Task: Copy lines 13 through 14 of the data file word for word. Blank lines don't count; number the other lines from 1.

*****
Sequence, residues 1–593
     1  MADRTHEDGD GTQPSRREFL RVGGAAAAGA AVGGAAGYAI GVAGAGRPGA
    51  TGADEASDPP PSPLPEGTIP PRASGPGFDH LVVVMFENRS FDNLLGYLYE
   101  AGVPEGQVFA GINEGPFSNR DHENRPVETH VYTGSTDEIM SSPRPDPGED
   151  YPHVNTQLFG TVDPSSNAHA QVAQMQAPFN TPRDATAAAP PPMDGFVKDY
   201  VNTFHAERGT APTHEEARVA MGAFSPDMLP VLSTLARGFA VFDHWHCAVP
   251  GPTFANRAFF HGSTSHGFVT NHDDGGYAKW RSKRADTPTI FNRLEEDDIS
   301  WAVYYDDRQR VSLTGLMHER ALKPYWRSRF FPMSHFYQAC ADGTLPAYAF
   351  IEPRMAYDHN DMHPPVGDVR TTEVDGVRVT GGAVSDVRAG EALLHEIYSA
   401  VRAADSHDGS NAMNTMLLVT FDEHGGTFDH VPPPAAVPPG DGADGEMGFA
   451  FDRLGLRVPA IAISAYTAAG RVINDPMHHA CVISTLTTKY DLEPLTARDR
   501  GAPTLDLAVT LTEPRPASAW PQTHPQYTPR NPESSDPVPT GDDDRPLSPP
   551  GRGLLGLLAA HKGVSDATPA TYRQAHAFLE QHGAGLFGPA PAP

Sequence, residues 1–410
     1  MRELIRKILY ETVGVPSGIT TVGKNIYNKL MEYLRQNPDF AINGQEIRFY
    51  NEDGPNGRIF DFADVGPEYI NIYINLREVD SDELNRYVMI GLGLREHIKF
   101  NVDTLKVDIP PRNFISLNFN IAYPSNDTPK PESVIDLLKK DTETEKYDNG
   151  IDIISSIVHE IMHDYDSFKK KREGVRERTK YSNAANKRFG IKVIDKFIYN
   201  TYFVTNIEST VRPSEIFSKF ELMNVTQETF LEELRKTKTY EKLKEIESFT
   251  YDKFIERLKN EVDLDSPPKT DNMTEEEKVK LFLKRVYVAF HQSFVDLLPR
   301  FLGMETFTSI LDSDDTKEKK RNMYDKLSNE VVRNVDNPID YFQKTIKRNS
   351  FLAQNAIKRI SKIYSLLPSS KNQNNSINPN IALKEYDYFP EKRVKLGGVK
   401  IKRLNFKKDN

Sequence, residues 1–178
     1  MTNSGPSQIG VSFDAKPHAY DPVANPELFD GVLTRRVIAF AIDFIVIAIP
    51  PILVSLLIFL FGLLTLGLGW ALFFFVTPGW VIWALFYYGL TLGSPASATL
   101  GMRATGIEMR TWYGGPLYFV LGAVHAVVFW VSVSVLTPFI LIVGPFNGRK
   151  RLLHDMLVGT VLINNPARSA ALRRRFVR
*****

   551  GRGLLGLLAA HKGVSDATPA TYRQAHAFLE QHGAGLFGPA PAP

Sequence, residues 1–410